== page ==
It was another shaky day on Wall Street Tuesday morning. In an apparent system error, a Goldman Sachs algorithm running on the options exchange set incorrect price limits on a number of ticket symbols.
According to Bloomberg, the trading may have affected about 400,000 contracts for companies such as JPMorgan Chase, Johnson & Johnson and Kellogg. Even though Goldman says the error “would not be material to the financial condition of the firm,” we can’t help but notice the striking similarity this glitch has with one that brought down the market making financial services firm Knight Capital Group.
And we weren’t the only ones. Linette Lopez over at Business Insider, who previously covered the Knight Capital glitch, wrote a piecing noting the striking similarities between the two trading errors. She included comments from CAST’s Lev Lesokhin to bring some much needed insight into the murky underbelly of algorithmic trading on Wall Street. Click to read the full article.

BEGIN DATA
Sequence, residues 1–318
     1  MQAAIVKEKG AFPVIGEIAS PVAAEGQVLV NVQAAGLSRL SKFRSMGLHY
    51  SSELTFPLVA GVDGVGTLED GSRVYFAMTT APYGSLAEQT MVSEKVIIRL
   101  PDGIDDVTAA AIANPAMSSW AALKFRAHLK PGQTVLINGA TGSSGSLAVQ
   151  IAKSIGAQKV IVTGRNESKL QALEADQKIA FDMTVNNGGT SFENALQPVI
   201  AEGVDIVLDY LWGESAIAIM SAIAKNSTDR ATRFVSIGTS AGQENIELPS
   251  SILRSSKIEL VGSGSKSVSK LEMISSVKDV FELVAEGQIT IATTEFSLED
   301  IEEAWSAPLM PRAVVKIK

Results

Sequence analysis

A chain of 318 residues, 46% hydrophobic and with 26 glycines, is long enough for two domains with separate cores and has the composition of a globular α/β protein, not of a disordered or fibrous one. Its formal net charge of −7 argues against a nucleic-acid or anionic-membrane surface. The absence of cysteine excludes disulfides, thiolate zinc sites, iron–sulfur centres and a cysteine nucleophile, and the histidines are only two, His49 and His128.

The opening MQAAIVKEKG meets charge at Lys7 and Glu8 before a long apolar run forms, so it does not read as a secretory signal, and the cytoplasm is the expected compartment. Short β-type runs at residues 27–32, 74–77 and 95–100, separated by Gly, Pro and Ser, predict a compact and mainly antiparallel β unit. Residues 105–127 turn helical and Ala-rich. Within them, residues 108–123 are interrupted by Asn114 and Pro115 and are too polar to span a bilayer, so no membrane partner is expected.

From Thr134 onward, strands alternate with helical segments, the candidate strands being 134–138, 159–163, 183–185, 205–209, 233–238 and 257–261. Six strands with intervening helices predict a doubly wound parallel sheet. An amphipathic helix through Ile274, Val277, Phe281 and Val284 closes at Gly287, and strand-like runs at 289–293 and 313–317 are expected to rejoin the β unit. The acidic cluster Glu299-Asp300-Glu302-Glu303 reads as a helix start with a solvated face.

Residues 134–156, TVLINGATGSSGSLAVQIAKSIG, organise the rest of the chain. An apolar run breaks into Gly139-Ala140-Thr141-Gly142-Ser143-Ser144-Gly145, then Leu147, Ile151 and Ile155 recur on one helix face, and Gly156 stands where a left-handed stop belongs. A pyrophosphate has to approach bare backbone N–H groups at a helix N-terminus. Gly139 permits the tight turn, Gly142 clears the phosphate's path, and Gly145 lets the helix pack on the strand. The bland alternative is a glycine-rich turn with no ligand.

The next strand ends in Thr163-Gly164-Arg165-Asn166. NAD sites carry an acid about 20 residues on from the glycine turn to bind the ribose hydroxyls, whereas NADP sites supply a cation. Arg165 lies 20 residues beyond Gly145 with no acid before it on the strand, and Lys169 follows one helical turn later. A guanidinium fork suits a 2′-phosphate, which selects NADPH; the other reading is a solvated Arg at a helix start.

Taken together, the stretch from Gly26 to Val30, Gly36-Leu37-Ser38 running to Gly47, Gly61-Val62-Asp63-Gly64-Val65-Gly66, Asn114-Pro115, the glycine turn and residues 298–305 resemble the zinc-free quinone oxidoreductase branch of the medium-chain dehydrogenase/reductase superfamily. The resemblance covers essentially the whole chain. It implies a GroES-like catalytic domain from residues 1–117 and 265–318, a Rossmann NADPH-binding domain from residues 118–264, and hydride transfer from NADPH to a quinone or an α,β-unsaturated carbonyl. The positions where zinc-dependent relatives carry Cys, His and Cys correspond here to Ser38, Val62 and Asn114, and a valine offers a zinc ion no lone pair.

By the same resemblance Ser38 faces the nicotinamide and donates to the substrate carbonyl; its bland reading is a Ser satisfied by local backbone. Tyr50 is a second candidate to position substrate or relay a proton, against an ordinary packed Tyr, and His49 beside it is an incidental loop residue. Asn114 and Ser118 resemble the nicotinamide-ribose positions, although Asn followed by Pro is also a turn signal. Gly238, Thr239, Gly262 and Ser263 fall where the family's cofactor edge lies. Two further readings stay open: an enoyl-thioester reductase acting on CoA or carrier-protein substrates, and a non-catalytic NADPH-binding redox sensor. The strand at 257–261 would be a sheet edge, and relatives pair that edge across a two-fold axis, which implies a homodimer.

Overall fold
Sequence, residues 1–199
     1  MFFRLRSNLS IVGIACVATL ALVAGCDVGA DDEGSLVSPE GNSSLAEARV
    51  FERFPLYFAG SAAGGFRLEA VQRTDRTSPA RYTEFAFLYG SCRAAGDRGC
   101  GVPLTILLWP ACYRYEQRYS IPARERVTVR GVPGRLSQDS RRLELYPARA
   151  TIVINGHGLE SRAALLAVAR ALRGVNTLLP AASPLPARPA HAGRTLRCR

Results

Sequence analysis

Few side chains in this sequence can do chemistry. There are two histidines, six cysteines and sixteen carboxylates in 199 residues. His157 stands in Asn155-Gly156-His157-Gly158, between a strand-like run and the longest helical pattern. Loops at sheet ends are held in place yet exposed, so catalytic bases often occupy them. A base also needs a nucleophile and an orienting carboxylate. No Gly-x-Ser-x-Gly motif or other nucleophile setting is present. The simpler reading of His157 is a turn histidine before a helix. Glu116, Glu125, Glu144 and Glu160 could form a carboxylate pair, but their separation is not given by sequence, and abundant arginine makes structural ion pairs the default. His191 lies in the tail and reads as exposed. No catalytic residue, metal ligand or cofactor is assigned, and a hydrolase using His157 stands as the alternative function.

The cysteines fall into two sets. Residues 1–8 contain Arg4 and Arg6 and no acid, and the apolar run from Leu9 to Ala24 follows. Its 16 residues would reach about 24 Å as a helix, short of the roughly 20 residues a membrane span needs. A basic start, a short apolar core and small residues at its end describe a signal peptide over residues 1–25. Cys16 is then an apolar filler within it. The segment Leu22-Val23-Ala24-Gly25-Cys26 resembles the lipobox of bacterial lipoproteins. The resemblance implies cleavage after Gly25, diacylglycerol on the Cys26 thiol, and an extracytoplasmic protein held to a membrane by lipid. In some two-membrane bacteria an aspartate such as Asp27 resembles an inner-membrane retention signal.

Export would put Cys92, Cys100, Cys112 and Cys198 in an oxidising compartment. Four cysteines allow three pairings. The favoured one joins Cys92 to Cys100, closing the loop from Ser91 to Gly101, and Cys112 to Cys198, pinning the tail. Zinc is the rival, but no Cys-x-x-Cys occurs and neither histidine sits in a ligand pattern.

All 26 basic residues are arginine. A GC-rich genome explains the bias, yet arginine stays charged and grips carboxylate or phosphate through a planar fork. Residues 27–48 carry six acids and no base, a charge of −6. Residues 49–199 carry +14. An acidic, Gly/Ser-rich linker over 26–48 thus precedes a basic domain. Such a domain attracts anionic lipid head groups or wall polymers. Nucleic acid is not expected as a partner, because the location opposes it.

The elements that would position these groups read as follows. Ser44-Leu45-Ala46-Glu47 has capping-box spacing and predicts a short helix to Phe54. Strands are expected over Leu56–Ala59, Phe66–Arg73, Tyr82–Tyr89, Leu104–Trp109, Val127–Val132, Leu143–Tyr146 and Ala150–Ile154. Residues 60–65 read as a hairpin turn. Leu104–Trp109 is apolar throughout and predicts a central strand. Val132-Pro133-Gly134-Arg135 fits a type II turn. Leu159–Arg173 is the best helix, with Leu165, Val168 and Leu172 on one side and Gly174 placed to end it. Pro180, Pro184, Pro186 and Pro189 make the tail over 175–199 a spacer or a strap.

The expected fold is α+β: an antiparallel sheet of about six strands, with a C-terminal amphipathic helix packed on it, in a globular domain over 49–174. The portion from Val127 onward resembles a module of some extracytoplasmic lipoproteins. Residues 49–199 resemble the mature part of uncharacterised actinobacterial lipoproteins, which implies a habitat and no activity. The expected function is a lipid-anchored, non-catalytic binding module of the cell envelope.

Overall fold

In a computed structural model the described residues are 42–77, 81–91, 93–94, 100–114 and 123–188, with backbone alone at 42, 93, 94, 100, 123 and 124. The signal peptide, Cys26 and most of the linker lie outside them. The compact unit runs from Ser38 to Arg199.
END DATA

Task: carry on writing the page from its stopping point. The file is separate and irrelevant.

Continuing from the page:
Erik Oltmans, an Associate Partner from EY, Netherlands, spoke at the Software Intelligence Forum on how the consulting behemoth uses Software Intelligence in its Transaction Advisory services.
Erik describes the changing landscape of M & A. Besides the financial and commercial aspects, PE firms now equally value technical assessments, especially for targets with significant software assets. He goes on to detail how CAST Highlight makes these assessments possible with limited access to the targetâ€™s systems, customized quality metrics, and liability implications of open source components - all three that are critical for an M&A due diligence.